Title: Gemmel, J. R.

Source text: Surgeon General Joseph K. Barnes, United States Army, The Medical and Surgical History of the War of the Rebellion. (1861–65.), Part 1, Volume 2 (Washington, D.C.: Government Printing Office, 1870), 405.

Keywords:wounds and injuries of the neckgunshot wounds of the neckforeign bodies extractedwound of lateral cervical regionball lodged in superior carotid triangleball immediately external to tracheaabscess formed where ball lodgedsevered nerves of cervical plexuscomplete paralysis of arm and handarm much smallerfall from horsecontusion of arm

Civil War Washington ID: med.d1e18402

TEI/XML: med.d1e18402.xml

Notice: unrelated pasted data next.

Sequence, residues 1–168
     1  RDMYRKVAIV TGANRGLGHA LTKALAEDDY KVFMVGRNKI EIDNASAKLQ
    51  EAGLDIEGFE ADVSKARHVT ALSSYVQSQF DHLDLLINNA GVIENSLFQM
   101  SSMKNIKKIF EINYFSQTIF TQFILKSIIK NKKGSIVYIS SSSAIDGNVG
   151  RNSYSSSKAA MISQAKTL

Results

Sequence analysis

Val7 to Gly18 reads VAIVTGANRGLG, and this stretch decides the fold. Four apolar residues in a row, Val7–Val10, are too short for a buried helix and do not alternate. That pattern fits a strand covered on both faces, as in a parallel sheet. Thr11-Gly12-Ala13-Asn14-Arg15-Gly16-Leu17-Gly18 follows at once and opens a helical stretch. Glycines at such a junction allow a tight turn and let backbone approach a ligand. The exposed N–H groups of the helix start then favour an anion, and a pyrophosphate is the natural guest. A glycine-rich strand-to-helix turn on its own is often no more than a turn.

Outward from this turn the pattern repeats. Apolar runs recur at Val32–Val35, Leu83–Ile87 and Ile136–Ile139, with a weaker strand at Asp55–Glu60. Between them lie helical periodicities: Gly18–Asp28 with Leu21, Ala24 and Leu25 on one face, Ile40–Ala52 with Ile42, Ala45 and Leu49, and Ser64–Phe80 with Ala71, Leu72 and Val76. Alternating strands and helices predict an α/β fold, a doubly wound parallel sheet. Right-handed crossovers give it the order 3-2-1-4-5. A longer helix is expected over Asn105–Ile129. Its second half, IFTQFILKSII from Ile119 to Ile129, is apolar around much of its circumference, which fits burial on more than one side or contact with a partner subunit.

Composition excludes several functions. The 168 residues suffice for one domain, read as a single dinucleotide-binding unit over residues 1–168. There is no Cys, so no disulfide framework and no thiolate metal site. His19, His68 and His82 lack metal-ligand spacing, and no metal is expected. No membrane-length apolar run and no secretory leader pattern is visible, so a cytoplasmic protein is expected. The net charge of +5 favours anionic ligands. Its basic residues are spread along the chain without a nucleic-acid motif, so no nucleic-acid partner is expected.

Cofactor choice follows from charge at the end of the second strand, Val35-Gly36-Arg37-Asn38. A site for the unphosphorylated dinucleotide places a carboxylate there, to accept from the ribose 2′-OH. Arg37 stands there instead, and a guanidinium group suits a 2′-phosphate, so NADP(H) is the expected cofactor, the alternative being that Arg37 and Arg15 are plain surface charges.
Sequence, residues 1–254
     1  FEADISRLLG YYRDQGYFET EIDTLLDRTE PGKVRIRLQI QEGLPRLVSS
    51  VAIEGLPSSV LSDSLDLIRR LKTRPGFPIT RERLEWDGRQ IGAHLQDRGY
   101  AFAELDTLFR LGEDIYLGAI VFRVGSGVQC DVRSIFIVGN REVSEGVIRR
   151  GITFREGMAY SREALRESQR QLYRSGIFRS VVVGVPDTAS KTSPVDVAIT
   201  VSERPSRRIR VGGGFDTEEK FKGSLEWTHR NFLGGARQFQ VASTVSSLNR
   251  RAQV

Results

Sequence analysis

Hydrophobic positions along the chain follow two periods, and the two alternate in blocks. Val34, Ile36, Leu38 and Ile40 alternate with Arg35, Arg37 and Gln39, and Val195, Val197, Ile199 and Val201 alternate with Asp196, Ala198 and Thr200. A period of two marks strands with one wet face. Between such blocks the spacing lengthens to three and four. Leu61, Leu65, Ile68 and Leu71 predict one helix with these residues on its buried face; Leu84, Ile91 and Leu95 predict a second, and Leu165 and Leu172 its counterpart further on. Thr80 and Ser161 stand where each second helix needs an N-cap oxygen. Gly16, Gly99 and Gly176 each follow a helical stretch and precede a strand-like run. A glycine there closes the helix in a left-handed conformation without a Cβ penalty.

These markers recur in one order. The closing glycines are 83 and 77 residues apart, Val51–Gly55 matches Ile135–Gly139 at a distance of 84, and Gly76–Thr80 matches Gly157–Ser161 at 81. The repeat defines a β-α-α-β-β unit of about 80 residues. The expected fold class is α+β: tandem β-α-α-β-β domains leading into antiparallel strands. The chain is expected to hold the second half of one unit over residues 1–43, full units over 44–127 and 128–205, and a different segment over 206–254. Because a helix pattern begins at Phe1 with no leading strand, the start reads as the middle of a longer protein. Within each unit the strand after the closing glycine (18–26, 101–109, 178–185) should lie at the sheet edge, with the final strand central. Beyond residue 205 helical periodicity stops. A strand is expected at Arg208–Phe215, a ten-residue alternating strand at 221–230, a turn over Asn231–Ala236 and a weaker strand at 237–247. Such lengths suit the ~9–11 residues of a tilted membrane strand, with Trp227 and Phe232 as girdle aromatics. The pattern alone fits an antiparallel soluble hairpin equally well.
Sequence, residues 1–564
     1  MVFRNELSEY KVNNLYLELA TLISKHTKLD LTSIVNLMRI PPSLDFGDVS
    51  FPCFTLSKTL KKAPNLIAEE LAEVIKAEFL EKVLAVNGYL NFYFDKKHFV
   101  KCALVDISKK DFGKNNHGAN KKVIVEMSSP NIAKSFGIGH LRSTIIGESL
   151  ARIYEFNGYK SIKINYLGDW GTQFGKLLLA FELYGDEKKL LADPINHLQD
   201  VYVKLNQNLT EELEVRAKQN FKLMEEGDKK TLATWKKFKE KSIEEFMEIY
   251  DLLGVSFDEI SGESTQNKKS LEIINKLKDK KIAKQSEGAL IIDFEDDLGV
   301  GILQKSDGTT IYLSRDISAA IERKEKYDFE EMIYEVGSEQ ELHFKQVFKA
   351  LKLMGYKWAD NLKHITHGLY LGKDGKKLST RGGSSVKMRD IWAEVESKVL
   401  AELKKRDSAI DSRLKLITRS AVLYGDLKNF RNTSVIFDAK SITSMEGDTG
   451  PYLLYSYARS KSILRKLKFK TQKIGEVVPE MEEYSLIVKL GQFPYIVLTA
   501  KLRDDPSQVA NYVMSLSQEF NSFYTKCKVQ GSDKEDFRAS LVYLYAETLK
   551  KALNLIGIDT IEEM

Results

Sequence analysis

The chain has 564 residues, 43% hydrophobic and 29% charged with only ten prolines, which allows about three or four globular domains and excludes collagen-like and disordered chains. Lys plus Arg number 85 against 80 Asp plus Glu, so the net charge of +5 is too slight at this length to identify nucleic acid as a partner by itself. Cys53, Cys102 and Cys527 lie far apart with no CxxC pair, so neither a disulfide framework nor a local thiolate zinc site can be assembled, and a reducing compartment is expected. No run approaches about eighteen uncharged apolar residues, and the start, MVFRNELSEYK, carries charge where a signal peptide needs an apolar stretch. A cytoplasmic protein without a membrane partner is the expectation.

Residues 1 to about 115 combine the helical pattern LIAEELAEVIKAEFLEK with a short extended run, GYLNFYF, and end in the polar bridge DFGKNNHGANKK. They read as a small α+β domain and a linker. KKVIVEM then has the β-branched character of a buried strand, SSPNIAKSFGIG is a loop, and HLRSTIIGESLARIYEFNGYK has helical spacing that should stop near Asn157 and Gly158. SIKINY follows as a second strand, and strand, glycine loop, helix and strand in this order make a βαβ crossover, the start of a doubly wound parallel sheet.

CASE.—Sergeant J. R. Gemmel, 8th New York Battery, was wounded at Fair Oaks, May 31st, 1862, by a musket ball, which entered over the left border of the trapezius muscle, opposite to the sixth cervical vertebra, passed upward and inward, and lodged in the superior carotid triangle, immediately external to the trachea. On the reception of the injury the patient fell from his horse, receiving a contusion of the left arm. He was, on June 4th, admitted to Douglas Hospital, Washington. Simple dressings were applied to the wound. On June 6th, the patient had considerable difficulty of deglutition. An abscess had formed, which was opened, and the ball, with a piece of cloth one inch in length, was extracted, and difficulty of deglutition disappeared. June 20th, there was neuralgic pain in the arm, and impairment of its use. He was discharged the service July 11th, 1862. The case is reported by Assistant Surgeon William Thomson, U. S. A. Gemmel is a pensioner. The Examining Surgeon reports that the ball must have severed some part of the cervical plexus of nerves, as there is complete paralysis of arm and hand. The arm is much smaller than it should be, and cannot be used except for very light work.